Thanks to a $100,000 Google sponsorship, as well as additional money from private donors, educators will be able to take full-credit engineering-education courses for free this spring and summer at the University of St. Thomas. The three-credit courses offered during June are “Engineering in the P-12 Classroom,” “Digital Electronics and Computing Systems” and “Material Science and Engineering.” Information on the courses, scholarships, and application process is at http://www.stthomas.edu/cee/
Kay O’Keefe, SciMathMN Vice-Chair and longtime member of the MHTA Foundation board, will receive a well-earned Lifetime Achievement Award from the Minnesota High Tech Association at their annual TEKNE Awards gala November 18.
After receiving her Ph. D from the Ohio State University in educational research and evaluation O’Keefe taught at both the University of Pittsburgh and the University of Maryland. She arrived in Minnesota in 1992 and led the science education work of the Medtronic Foundation for 15 years. Additionally O’Keefe served on the boards of the Triangle Coalition for STEM and the National Association of State Science and Math Coalitions.
The TEKNE Awards are given annually by the MHTA to innovators and leaders in Minnesota’s broad technology community. This year’s award ceremony is November 18. You can learn more about the Tekne awards here.
The NAEP test is often referred to as “The Nation’s Report Card”. It serves in that role because it is one of the few exams used in all 50 states. Since the Minnesota Comprehensive Assessments (MCAs) are unique to MN – and each of the other states have their own math, reading and science tests – based on their own state standards, the NAEP serves as a common measure across all states to enable us to do state-to-state comparisons.
In the current political climate where the overuse and misuse of standardized tests is being hotly debated, NAEP rises above the criticism in many ways. First, the NAEP test is not used at each grade; only grades 4, 8 and 12 are tested. NAEP also uses a random sampling approach in each state, so even at the targeted grades, only about 2500 students are tested at each grade level on each topic (MN has approximately 62,000 students at each grade). By using this approach, NAEP can establish a statistically accurate rating of each state in mathematics and reading, yet the vast majority of students will never be inconvenienced by having to take the exam. Finally, the NAEP exam in a given subject such as math is only administered every 2 years. Since the NAEP math test has been administered since 1973, it provides long-term trends.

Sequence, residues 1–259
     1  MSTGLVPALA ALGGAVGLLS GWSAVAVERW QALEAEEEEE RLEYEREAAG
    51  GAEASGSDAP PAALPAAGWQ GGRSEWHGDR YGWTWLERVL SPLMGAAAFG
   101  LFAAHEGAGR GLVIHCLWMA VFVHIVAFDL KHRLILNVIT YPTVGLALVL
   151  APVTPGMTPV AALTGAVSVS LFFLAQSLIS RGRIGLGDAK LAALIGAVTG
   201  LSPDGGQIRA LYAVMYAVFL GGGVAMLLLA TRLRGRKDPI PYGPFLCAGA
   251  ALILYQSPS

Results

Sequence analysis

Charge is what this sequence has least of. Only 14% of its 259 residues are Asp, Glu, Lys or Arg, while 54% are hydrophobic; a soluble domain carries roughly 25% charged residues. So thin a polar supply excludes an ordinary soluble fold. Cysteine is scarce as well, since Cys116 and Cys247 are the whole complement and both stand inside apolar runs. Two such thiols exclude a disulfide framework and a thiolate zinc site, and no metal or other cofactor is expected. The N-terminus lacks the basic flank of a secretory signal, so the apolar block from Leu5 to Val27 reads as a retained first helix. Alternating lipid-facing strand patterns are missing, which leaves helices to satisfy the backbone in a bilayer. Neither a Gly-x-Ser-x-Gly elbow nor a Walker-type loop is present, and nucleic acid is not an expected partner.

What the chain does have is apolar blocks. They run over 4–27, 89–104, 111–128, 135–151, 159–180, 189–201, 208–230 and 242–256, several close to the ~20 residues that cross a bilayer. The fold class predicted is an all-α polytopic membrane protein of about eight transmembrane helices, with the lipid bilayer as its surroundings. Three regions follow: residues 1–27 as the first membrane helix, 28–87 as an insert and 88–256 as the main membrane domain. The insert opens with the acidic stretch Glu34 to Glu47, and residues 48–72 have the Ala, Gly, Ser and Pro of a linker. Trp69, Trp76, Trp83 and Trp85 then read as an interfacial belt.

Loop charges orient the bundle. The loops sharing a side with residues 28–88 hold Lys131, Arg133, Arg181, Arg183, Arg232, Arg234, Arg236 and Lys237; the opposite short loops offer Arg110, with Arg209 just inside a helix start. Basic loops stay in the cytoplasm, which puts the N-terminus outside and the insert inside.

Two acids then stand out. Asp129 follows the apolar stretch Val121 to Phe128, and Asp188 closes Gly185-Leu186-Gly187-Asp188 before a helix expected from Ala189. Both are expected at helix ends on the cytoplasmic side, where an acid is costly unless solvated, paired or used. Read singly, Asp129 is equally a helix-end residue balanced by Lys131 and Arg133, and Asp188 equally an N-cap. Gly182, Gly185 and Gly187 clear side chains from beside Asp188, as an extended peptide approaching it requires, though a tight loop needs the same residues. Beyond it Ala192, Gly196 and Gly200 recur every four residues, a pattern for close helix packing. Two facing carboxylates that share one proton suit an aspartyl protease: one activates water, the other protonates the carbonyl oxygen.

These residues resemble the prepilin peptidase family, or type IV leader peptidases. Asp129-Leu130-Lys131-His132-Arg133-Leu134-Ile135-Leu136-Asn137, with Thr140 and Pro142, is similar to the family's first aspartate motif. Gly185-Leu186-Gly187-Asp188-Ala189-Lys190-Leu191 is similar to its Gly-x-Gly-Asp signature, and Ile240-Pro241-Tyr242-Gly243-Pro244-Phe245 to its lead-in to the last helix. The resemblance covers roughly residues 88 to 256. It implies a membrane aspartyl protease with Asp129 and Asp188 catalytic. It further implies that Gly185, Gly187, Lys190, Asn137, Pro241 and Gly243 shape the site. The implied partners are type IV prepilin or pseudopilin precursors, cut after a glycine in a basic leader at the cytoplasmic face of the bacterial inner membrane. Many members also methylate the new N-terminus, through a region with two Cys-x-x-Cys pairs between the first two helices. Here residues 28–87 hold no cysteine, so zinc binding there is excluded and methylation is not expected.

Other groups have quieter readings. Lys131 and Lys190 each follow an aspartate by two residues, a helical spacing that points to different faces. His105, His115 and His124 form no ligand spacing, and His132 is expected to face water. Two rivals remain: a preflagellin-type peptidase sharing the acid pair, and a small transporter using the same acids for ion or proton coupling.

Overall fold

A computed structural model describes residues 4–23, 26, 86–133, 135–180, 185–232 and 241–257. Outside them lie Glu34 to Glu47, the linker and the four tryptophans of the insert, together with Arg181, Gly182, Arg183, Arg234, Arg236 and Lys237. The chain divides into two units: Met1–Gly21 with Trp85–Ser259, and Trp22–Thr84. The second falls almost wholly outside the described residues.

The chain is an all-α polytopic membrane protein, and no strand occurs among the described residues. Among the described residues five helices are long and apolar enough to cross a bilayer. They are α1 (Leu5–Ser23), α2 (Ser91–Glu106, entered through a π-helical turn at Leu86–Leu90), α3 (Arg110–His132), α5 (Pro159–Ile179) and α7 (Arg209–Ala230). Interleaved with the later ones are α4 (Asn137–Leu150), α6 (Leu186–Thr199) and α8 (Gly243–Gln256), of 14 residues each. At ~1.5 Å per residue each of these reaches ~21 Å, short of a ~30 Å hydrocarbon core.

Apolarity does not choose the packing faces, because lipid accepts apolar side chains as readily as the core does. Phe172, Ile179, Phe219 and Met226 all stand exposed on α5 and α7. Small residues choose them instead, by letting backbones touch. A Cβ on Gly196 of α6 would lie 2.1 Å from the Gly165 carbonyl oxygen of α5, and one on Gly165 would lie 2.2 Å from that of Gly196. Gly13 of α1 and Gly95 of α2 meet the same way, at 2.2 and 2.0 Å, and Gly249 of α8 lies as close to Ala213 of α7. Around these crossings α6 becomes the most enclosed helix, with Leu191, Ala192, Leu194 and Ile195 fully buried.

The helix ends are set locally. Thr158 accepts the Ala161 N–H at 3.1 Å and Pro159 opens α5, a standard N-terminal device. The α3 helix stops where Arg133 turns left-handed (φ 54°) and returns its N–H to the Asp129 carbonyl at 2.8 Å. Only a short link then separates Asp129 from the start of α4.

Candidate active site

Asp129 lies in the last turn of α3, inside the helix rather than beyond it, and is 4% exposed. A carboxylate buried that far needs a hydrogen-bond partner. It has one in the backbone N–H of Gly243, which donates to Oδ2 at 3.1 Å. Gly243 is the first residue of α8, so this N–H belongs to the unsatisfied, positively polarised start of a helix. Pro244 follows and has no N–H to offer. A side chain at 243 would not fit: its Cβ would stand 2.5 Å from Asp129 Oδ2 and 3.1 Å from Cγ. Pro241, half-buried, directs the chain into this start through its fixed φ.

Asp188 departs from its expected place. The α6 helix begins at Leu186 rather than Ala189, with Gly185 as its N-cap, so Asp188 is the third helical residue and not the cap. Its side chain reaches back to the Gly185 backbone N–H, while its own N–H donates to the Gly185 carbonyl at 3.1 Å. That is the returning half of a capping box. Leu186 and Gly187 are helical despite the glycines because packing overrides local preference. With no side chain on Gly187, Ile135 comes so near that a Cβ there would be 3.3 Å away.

However, the NAEP test is not without criticism. Currently in mathematics nationally, between 36 and 40 percent of students at the 4th and 8th grades are scoring at or above the “Proficient” level on NAEP. While a test that is rigorous is often held in high regard, we don’t really have evidence that the scale that NAEP is built on is a realistic expectation for most students. And that has a ripple effect on the messages that are sent out regarding the results and the performance of schools. Legislation and school budget allocations often reflect decisions based on standardized test results.
As the current results (2015) are released there is often a rush to “claim or blame” policies and political leaders for their role in the results. And this year is no exception (see Diane Ravitch’s comments: http://dianeravitch.net/2015/10/28/naep-scores-released-today-showing-the-fiasco-of-nclb-and-race-to-the-top/). But the reality is that when an 8th grade student participates in the exam, the knowledge that they bring to that test reflects their learning from Kindergarten to grade 8 and it is not likely that the NAEP results are sensitive to recent policy or leadership changes.
Historical NAEP results:
Chad Aldeman wrote an interesting article regarding the 2015 NAEP results – interesting from the perspective that it was written prior to the results being released. His wise advice is to pay more attention to long term trends than to what happens over the two year span between consecutive tests. His article and a link to long term trends can be found here:
Aldeman points out the following national trends of point-gains over time: